There are no real surprises at idle as the 500GB drives all currently use the same number of heads and platters. However, under load conditions we see the Seagate PMR design running up to 4C hotter than the other two 500GB drives. This has been a pattern with the Seagate PMR drives and something we will take note of in testing Western Digital's new AAKS PMR based drives. We saw the load temperatures drop from 49C to 43C under load conditions with the front fans operational. We highly recommend a fan be installed near the drive during normal operation.

HD Tune / HD Tach Results PCMark05 Performance


View All Comments

  • VooDooAddict - Sunday, July 8, 2007 - link

    Transfer performance differences of most drives seems negligible for single drive end users. Actual formated size, heat, warranty, noise, and the ever important price are the keys for end users.

    That isn't to say your performance numbers are useful. I'd almost bet that engineers from SAN manufactures like EqualLogic check out these reviews. When you have those performance differences amplified by running 14+ spindles it's a little more noticeable.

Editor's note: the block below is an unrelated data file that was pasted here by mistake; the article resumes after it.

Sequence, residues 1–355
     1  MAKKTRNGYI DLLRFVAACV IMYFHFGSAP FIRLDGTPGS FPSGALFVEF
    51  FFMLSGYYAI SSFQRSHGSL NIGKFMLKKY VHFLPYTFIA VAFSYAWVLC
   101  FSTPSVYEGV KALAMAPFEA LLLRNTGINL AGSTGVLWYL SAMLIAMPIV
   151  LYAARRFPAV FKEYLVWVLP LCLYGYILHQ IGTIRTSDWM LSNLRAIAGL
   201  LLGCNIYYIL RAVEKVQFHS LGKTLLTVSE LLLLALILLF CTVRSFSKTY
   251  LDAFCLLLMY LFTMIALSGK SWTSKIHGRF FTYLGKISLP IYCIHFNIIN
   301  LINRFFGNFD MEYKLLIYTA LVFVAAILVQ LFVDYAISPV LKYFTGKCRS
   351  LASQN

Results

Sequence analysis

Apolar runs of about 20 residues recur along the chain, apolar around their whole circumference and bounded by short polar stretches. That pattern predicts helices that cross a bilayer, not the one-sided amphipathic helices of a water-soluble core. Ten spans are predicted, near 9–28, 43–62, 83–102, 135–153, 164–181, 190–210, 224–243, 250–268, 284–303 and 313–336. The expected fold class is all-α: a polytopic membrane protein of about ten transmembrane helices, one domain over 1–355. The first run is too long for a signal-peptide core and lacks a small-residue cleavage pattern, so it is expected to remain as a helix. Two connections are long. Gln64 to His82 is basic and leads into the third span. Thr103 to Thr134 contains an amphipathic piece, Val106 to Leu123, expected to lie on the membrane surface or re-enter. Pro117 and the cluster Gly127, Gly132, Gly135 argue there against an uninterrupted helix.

• Kaleid - Sunday, July 8, 2007 - link

    with platter density at record high 334GB. Reply
  • PenGun - Sunday, July 8, 2007 - link

    You know some of us need to know how fast a drive writes. Any reason that information is not available? All these stupid unzip the file are just braindead. Reply
  • lopri - Saturday, July 7, 2007 - link

    What is the theoretical advantage of 'perpendicular' design? Out of curiosity. Reply
  • TA152H - Sunday, July 8, 2007 - link

    Better density. Reply
  • psychobriggsy - Saturday, July 7, 2007 - link

    5 year warranty.

    'nuff said.

    Although a 3 year warranty isn't so bad, but that last 10% of performance really doesn't excite me when it's regarding hard drives.

    Yeah, yeah, I'm justifying my 320GB 7200.10 :p
  • JakeBlade - Saturday, July 7, 2007 - link

    Sorry, that should be 1 out of 10. (Drank too much wine with my steak tonight). Reply
  • LoneWolf15 - Sunday, July 8, 2007 - link

    Got any stats to back that up? If so, I'd love to see them. 10% within 10 months seems like an awfully high failure rate to me (unless you're talking about long-defunct brands like JTS and Kalok). Reply
  • JakeBlade - Saturday, July 7, 2007 - link

    5 year, 10 year, 15 year warranty. When the drive is made dirt cheap from the disenfranchised workforce in China, any hard drive company can easily slap a warranty on anything that needs 1 out of every 25 replaced within 10 months, while still making a huge profit from cheap manufacturing costs. My source: Newegg -- 266 reviews, first ~25 from lowest rating report DOA/Failure. Reply
  • Golgatha - Monday, July 9, 2007 - link


    Yes, I can't imagine that those who received a DOA hard drive or one that failed within a short period of time being a little miffed and taking their frustration out on the ratings boards.